Formalise the Informal

We have an exceptional relational team. We genuinely get on and enjoy each other's company, it's one of the things that makes Brightec Brightec. The challenge therefore in these unusual and difficult times is how we maintain this culture without being around each other. I don’t think we’ve totally cracked this yet but one of the things we can do is make time in the diary for the informal. For us this looks like:

  • Making time within the scheduled/formal meetings to catch up as a group. Zoom/Hangouts are great tools but it is hard to have an unstructured conversation with a larger video chat. We’ll therefore mostly have a chair-person for the meeting who might open with a question like ‘How were people’s weekends?’. They might need to pick an individual to get things rolling or involve someone who has remained quiet, so it is important to have one person to make this happen.
  • Have open video calls - this is something we’re experimenting with but in some situations it is nice to have a video call open at points in the day that people can join, listen into, contribute or not. They are opt-in and not required and informally organised.
  • Lunchtime activities - we have one person (Rhys) who loves games and has brilliantly taken it upon himself to organise lunchtime online games (see this post). Not everyone can make it and they don’t necessarily happen every day, but super helpful to keep informal communication happening across the team.
  • Happy Track - as it is much harder to read how an individual is feeling, we’ve created a Slackbot that asks our staff on a daily basis the simple question ‘How are you today?’. Currently, it logs this to a spreadsheet for review but the hope is we can turn this into a product that companies can use to trigger a conversation with an individual who might be having a hard time. It is also helpful to understand how the team as a group is feeling at certain points in a company's history. If this is something you are interested in trialling, please get in touch.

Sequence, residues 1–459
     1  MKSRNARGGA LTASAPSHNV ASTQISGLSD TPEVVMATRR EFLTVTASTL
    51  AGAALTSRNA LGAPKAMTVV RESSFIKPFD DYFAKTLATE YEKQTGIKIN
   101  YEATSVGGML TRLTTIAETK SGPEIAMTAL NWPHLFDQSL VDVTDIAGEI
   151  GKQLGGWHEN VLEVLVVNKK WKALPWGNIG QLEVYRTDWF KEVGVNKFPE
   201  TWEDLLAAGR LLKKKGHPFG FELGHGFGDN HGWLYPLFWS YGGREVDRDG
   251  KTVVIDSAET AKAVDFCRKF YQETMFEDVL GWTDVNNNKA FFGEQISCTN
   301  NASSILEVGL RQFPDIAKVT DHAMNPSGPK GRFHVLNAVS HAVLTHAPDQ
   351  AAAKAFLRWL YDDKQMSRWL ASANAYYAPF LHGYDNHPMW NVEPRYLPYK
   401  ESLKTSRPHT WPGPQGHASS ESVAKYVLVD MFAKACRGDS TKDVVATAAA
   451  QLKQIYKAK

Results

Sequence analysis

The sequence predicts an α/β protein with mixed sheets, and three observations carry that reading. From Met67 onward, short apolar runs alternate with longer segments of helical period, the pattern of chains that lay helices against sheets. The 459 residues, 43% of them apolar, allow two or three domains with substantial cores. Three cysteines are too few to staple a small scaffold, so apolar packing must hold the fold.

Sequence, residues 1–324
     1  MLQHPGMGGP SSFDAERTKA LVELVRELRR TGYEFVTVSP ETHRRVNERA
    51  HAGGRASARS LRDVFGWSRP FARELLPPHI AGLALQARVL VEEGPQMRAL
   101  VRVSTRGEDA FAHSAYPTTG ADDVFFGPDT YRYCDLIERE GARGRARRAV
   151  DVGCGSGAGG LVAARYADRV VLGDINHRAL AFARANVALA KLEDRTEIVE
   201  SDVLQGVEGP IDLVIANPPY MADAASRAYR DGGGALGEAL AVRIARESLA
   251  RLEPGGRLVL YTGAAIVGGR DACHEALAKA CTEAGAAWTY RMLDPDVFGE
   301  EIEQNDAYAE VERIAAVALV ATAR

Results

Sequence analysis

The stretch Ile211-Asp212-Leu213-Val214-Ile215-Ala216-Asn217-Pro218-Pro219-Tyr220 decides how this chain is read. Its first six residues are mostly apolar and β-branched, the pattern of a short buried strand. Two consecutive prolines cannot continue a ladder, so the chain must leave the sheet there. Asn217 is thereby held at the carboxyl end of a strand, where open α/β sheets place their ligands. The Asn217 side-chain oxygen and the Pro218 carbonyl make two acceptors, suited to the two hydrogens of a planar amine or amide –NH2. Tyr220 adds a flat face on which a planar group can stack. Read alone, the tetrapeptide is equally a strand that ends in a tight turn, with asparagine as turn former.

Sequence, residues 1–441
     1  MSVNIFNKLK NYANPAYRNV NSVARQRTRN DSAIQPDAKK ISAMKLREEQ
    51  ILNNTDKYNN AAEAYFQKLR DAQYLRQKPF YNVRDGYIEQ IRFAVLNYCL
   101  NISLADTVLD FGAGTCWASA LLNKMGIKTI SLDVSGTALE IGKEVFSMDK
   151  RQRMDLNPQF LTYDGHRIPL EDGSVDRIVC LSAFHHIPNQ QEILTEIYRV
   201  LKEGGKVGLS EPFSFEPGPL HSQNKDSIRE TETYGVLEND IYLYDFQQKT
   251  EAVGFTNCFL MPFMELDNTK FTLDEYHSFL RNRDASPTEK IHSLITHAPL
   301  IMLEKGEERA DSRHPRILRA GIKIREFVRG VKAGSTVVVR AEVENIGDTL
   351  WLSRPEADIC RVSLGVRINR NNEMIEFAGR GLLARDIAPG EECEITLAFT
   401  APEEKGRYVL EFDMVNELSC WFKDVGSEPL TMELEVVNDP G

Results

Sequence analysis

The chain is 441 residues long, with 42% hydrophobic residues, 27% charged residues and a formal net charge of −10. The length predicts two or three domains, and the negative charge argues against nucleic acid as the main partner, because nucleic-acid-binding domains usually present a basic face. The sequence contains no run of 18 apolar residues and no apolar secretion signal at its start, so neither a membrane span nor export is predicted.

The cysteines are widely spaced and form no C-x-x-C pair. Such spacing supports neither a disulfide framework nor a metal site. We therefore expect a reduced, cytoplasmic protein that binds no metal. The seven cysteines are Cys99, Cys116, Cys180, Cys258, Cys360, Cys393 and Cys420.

• Friday Afternoon Hangout - I’ve started hosting an optional Friday afternoon video call for anyone who wants to join. I’m not sure I’ve cracked the format yet, but it is a 30min catchup call to see how people’s weeks have gone and their plans for the weekend.

Should We Keep Our Studio?

In this season I’ve heard lots of talk from leaders of companies asking why they have an office when people work so well remotely. I can tell you at the moment, I have no plans to ditch our office. Working collaboratively with our clients is one of our biggest selling points, it is why we have UK developers and one of the reasons why we work from an office 4 days of the week. Deep collaboration is simply not possible remotely, and we have no plans to change this.

Perhaps even more importantly our office is a place of refuge for many of our team, an organised, structured environment to get on with work. It is a place of relationship and friendship, somewhere we get to work with our friends to achieve great things for our clients. We enjoy working together, we enjoy each other's company. So once this period is over and we’re allowed to return, you’ll find us eating, laughing and most important working together, it is who Brightec are and we’re not about to change that.